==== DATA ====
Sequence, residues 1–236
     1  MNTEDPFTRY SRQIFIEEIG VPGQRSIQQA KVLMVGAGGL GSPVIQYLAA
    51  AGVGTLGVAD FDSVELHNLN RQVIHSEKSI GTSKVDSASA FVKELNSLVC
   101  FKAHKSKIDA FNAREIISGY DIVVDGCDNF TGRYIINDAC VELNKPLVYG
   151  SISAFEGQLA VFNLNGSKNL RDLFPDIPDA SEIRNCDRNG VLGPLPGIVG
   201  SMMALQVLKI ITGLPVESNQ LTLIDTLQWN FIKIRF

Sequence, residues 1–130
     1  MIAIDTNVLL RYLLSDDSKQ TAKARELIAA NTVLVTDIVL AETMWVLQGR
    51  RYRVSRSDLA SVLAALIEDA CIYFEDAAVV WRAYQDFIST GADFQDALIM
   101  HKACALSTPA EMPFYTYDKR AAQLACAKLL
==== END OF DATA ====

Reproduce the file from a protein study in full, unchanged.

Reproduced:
Sequence, residues 1–236
     1  MNTEDPFTRY SRQIFIEEIG VPGQRSIQQA KVLMVGAGGL GSPVIQYLAA
    51  AGVGTLGVAD FDSVELHNLN RQVIHSEKSI GTSKVDSASA FVKELNSLVC
   101  FKAHKSKIDA FNAREIISGY DIVVDGCDNF TGRYIINDAC VELNKPLVYG
   151  SISAFEGQLA VFNLNGSKNL RDLFPDIPDA SEIRNCDRNG VLGPLPGIVG
   201  SMMALQVLKI ITGLPVESNQ LTLIDTLQWN FIKIRF

Sequence, residues 1–130
     1  MIAIDTNVLL RYLLSDDSKQ TAKARELIAA NTVLVTDIVL AETMWVLQGR
    51  RYRVSRSDLA SVLAALIEDA CIYFEDAAVV WRAYQDFIST GADFQDALIM
   101  HKACALSTPA EMPFYTYDKR AAQLACAKLL